Monthly Archives: May 2014

2014 Regulatory Reform

May 21, 2014. Yesterday, the Senate Agriculture and Environment Committee approved a 62-page regulatory reform bill that many committee members did not see until it was handed out at the beginning of the committee meeting.  Today, the Senate Finance Committee  gave  Senate Bill 734  (Regulatory Reform Act of 2014) a favorable report and the bill will go to the Senate floor tomorrow for an initial vote. Some of the most significant environmental provisions:

More legislative review of environmental rules.   In 2011, the General Assembly, returning to an idea from the 1980s,  put strict limits on  adoption of state environmental rules that are more stringent than federal rules on the same subject.  The   law  has  exceptions only for rules needed  to address a “serious and unforeseen threat to public health, safety or welfare” and rules required by state law, federal law, state budget policy or a court order.   (An earlier post  talks about  the practical difficulties and policy implications of  chaining  state environment standards so tightly to federal rules.)   Section 1 of Senate Bill  734  goes another step and  requires legislative review of  any  rule adopted under one of the  exceptions, possibly delaying the effective date of the rule for months.   The state’s Administrative Procedures Act normally requires legislative review of a rule only if 10  or more people send letters objecting to the rule.  Under Senate Bill  734,  ten letters of objection would still be needed to  get  legislative review of  a rule change that weakens environmental standards, but  the legislature would  automatically review any rule that  goes beyond minimum federal environmental standards.

Eliminate citizen appeals of toxic air pollution  permits. Sec. 2.2 limits citizen appeals of air quality permits to  decisions  involving a national ambient air quality standard. The problem is that “national ambient air quality standard” does not even cover the universe of federal air quality rules.  National ambient air quality standards cover six pollutants  (carbon monoxide,  lead, nitrogen dioxide, sulfur dioxide, particulates, and ozone) that cause environmental and health problems when levels  reach a certain level in outdoor air.   But the Clean Air Act  also regulates a much longer list of  hazardous air pollutants or “air toxics”  associated with   cancer risk, infertility, birth defects  and other acute environmental and health effects. Mercury and benzene are examples of air toxics.  There are no national ambient air quality standards for air toxics; those pollutants are regulated under a different set of rules that require  a high level of pollution control on every regulated air toxic source. As  written, Senate Bill 734 would   bar  citizen appeals of  air quality permits issued for facilities that emit air toxics.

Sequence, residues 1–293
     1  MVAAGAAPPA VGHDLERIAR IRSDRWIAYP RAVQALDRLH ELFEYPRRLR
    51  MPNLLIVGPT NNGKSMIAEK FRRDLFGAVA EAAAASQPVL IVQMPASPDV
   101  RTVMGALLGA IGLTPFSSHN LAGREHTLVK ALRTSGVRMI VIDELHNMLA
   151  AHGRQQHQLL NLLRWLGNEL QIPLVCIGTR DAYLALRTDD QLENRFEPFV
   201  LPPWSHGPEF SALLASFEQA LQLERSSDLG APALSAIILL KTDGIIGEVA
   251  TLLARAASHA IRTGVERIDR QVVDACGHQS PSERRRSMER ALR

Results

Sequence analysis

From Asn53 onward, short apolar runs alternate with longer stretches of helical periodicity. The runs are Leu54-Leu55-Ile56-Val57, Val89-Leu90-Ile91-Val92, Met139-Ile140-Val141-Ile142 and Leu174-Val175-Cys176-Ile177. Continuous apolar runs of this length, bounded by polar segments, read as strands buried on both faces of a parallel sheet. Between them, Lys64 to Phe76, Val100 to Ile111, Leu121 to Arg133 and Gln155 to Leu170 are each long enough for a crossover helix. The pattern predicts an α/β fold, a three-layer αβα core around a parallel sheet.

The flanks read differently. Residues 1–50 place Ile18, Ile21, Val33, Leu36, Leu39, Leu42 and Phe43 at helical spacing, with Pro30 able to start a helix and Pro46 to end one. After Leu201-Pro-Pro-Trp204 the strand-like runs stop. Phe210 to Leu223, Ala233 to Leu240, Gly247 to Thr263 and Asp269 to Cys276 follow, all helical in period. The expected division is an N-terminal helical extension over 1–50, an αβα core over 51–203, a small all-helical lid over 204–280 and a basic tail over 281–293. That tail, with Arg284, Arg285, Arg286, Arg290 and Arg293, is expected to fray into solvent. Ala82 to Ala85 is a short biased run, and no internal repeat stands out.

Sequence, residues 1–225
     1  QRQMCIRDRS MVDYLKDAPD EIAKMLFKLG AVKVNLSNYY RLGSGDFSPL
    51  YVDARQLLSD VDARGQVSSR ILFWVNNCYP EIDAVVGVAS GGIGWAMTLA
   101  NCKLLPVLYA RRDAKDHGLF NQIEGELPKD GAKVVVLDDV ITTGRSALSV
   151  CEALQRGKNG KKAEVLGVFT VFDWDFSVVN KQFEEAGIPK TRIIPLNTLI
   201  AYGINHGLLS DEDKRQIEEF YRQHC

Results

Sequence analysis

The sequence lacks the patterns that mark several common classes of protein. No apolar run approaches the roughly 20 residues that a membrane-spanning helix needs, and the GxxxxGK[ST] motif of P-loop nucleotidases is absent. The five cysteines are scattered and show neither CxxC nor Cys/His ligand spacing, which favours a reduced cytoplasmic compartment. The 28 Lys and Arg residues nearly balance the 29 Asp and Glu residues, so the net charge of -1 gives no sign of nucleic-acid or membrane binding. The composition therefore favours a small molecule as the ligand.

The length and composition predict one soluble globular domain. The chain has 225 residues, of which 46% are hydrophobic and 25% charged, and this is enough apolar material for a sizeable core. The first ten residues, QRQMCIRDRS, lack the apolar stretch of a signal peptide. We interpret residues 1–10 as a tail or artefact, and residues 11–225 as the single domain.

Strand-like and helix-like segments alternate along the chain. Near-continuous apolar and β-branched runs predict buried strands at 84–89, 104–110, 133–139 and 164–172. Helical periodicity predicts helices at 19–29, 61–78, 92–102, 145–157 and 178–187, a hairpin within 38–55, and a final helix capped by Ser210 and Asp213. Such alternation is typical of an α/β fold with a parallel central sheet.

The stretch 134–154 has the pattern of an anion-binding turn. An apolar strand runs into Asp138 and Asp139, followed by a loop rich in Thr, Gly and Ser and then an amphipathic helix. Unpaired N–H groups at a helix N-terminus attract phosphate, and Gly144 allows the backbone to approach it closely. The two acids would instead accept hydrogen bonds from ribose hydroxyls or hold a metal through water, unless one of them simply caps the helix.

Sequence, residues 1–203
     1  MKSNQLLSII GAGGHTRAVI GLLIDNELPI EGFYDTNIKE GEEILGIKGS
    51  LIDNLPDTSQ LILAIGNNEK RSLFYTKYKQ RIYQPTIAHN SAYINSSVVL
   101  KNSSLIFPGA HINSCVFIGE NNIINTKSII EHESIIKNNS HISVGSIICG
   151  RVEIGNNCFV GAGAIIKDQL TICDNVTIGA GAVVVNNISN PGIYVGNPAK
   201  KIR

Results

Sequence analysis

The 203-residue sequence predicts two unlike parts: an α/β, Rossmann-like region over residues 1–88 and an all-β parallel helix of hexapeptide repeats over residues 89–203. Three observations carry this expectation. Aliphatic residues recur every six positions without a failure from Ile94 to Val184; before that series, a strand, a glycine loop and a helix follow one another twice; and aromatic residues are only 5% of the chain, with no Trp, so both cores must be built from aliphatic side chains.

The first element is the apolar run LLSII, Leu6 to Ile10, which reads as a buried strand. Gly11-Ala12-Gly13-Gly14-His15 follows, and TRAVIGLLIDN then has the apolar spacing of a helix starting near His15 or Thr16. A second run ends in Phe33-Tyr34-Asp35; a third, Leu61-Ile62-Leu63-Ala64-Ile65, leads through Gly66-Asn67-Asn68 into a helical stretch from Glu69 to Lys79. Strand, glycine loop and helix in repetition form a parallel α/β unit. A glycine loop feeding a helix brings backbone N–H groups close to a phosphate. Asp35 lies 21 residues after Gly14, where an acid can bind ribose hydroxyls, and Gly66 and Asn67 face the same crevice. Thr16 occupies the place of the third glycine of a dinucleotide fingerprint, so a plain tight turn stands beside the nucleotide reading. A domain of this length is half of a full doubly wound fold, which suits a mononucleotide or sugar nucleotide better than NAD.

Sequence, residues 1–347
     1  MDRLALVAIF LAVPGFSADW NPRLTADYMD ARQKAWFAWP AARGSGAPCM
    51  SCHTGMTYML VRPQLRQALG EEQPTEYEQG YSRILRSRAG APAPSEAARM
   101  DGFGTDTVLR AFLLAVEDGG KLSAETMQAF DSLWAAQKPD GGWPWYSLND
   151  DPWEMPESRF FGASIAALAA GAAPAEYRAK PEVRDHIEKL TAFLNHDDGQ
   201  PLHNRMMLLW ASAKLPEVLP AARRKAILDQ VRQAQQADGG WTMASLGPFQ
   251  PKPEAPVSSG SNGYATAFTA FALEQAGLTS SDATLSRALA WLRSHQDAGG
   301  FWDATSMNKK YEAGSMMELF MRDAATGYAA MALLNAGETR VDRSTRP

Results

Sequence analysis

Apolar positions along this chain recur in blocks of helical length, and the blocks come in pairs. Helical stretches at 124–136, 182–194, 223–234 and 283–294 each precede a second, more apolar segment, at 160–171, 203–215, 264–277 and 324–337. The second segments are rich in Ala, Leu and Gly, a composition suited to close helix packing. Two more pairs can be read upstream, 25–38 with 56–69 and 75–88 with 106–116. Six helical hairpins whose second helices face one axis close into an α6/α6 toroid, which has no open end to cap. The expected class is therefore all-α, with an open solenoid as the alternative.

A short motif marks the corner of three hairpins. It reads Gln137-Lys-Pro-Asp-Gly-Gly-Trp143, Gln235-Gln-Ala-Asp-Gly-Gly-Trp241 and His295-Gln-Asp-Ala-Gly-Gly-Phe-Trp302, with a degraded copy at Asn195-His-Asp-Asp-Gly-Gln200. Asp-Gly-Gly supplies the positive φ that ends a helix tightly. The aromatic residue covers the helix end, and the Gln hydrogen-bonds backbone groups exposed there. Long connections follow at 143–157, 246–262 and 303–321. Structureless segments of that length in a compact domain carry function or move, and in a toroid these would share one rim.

Emergency Authority to Waive Coastal Development Permits. Sec. 2.5 gives the governor the authority to waive Coastal Area Management Act (CAMA) permits and environmental impact statements  for emergency repairs to a highway “that provides the sole road access to  an incorporated municipality or an unincorporated inhabited area bordering the Atlantic Ocean or any coastal sound, where bridge or road conditions as a result of the events leading to the declaration of the state of emergency pose a substantial risk to public health, safety, or welfare”. The description fits Highway 12 in Dare County — the  perennially endangered road on  Hatteras Island. (See an earlier post for the history – and cost — of maintaining Highway 12.) The idea of waiving state permits for rebuilding damaged segments of Highway 12 after a storm has some appeal — but may not have the desired effect. Aside from eliminating any state review of  project  impacts, waiving the CAMA permit only puts the  U.S. Army Corps of Engineers entirely in  control of the permitting process.

Environmental Audits/ Self-Reporting. Sec. 3.6   of the bill does two significant things: 1. Protects internal company  environmental “audits” from disclosure to regulatory agencies; and 2.  Provides immunity from civil penalties to a company that voluntarily self-reports a violation.

Limited immunity from penalties can make sense if limited to situations where the violator has  self-reported a recent, unintended violation. The Senate Bill 734 audit/self-reporting provision has not been limited to those situations and potentially provides the benefit of confidentiality and immunity to violators who have committed  longstanding, continuing violations of environmental laws. Under the bill, the violator can use a recent environmental audit to cover numerous  past  violations and acquire immunity by “self-reporting” those violations.  Although the bill does not give immunity for willful and intentional violations or violations resulting from criminal negligence, it would deny regulators access to internal environmental audits that may document  the intentional behavior.  In the worst case, the provision could be a gift to violators who gambled for years on their ability to evade enforcement.

It is difficult to ignore the implications for   violations  at coal ash impoundments. Under the bill, a company  inspection of a coal ash impoundment could be treated as  a confidential “environmental audit” and  withheld from state regulators. And the owner/operator of the coal ash impoundment   may  get immunity from civil penalties by  self-reporting violations that had gone on for years.